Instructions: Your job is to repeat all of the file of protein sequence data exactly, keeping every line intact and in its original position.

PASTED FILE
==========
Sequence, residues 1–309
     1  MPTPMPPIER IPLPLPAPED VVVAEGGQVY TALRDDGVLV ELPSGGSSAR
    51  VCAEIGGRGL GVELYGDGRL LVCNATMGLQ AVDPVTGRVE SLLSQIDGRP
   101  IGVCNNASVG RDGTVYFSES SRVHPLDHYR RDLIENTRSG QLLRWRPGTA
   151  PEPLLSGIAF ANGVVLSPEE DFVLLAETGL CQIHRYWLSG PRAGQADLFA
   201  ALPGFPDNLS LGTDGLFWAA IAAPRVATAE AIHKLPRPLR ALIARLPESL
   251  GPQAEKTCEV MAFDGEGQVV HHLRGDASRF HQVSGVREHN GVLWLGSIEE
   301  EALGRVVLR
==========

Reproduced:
Sequence, residues 1–309
     1  MPTPMPPIER IPLPLPAPED VVVAEGGQVY TALRDDGVLV ELPSGGSSAR
    51  VCAEIGGRGL GVELYGDGRL LVCNATMGLQ AVDPVTGRVE SLLSQIDGRP
   101  IGVCNNASVG RDGTVYFSES SRVHPLDHYR RDLIENTRSG QLLRWRPGTA
   151  PEPLLSGIAF ANGVVLSPEE DFVLLAETGL CQIHRYWLSG PRAGQADLFA
   201  ALPGFPDNLS LGTDGLFWAA IAAPRVATAE AIHKLPRPLR ALIARLPESL
   251  GPQAEKTCEV MAFDGEGQVV HHLRGDASRF HQVSGVREHN GVLWLGSIEE
   301  EALGRVVLR